15 June 2016
Make in India: Production Relocation and Market Opportunities for Hong Kong Electronics Companies
India offers a good relocation choice for Hong Kong electronics manufacturers, as well as a fast-growing domestic market.
- Chart: Electronics Demand Outpaces Local Production
- Photo: Foreign consumer-electronics brands are popular in India among growing middle-class consumers
- Photo: An electronics retailer sells locally-made products
- Table: Hong Kong’s Electronics Exports to India
- Table: Key International Players In India Electronics Sector
- Photo: Chinese smartphone brands are found in major shopping centres in India
- Photo: Foreign electronics companies may acquire Indian brands for business expansion
- Chart: Cumulative FDI Inflows to Electronics Sector (FY 2015)
- Table: MIII Policies to Promote the ESDM Industry
- Map: Locations of Electronics Manufacturing Clusters in India
- Map: Numbers of SEZs in Indian States
Hong Kong’s electronics sector is the city’s largest export earner, contributing 64% of total exports in 2015. Most Hong Kong electronics manufacturers have production facilities based on the Chinese mainland, in particular the Pearl River Delta (PRD), which has witnessed an upward spiral in production costs in recent years. As the manufacturing hinterland, the Chinese mainland is Hong Kong’s largest electronics export market, although its uptakes from the city have shown moderating growth from 7.7% in 2013 to a mere of 1% in 2015.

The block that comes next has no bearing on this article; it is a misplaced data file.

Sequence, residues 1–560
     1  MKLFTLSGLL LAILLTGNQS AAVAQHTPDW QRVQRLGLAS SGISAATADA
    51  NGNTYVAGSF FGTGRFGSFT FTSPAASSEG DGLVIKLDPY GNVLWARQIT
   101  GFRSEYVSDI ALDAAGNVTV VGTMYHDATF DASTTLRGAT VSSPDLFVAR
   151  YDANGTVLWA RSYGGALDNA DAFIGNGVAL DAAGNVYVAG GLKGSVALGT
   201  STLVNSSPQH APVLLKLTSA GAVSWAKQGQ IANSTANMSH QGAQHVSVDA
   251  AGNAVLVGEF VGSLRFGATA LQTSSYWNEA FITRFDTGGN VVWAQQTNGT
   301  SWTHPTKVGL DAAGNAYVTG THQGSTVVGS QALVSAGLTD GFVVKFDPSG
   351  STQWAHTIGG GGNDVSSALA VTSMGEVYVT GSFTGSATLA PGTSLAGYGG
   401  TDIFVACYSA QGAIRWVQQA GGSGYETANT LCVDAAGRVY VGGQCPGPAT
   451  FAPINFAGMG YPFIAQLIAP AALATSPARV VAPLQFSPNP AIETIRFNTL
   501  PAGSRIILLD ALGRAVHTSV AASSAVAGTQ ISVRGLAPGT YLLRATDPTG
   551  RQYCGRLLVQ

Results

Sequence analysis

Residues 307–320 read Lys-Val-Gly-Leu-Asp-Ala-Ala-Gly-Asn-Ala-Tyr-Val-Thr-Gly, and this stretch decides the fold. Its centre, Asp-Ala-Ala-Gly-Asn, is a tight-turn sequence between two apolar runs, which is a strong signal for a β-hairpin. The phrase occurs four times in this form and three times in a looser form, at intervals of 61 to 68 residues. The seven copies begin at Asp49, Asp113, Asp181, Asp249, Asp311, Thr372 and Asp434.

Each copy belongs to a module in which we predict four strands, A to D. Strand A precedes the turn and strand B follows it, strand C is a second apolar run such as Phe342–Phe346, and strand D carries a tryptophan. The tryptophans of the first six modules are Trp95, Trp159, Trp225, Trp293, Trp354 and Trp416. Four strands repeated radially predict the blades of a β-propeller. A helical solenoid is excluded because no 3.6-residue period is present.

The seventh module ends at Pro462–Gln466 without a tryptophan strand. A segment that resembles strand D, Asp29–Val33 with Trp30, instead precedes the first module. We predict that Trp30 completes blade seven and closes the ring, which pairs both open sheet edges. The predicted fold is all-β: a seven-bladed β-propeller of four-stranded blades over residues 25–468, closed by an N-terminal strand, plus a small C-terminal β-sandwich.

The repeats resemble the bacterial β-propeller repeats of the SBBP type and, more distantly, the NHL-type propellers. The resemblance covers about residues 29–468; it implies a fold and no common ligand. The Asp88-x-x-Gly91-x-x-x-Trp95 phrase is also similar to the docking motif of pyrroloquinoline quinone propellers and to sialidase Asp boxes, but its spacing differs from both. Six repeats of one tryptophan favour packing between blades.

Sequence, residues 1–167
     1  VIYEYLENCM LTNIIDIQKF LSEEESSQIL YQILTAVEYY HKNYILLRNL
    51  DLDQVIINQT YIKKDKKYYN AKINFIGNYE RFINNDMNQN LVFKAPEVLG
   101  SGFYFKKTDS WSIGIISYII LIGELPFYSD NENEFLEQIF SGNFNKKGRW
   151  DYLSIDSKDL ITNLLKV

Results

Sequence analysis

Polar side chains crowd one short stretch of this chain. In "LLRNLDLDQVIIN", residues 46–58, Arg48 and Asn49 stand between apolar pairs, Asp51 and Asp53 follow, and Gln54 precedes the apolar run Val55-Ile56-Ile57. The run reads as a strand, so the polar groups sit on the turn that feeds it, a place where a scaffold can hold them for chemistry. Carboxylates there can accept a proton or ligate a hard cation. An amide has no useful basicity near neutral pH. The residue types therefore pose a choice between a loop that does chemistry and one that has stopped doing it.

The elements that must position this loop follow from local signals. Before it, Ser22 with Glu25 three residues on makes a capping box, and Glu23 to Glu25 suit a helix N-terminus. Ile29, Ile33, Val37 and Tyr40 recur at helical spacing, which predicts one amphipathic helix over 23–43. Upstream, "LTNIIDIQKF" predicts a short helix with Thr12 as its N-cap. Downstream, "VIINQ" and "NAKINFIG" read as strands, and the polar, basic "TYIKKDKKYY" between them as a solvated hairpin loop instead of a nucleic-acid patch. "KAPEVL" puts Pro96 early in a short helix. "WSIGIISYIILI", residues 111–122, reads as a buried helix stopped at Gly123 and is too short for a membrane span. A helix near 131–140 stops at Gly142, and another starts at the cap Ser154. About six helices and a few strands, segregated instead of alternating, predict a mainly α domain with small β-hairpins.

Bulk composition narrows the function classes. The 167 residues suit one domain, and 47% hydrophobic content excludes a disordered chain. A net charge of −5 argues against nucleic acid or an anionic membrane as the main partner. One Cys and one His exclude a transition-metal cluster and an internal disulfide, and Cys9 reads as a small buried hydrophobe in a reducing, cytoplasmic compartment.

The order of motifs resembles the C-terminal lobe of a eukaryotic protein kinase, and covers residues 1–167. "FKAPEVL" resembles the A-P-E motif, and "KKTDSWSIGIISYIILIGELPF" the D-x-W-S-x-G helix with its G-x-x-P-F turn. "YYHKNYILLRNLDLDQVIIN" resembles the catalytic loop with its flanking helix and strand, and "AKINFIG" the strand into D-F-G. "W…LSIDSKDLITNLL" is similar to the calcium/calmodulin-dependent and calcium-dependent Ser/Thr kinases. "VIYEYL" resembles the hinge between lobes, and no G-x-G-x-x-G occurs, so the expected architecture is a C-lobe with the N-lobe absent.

First and foremost, the suitability of India as an alternative production base for Hong Kong’s labour-intensive manufacturers is critically examined. While India as a major developing economy aspires to become a globally competitive manufacturing hub, it also provides a ready market with good opportunities due to its strong growth in GDP and income spawning a rapidly growing middle class. Despite a rather gloomy global economic outlook for 2016, India is poised to outperform with GDP growth forecast at 7.5%. In the first quarter of 2016, India’s GDP expanded by 7.9% year-on-year, continuing to outshine China, which chalked up growth of 6.7% year-on-year over the same period.
This article is the sixth in the series, examining the production and market opportunities for Hong Kong’s electronics companies with regard to the structure of India’s electronics sector, government policies and initiatives. This article should also be read in conjunction with or alongside other articles in the series, which examine India’s general manufacturing landscape and business environment,  especially relocation to Gujarat, India’s economically freest state,  and Maharashtra, which has the highest GSDP  among all Indian states,  along with the production and market opportunities for Hong Kong’s garment companies  . These articles can be accessed via the hyperlinked end notes.
Enormous Potential of India’s Electronics Market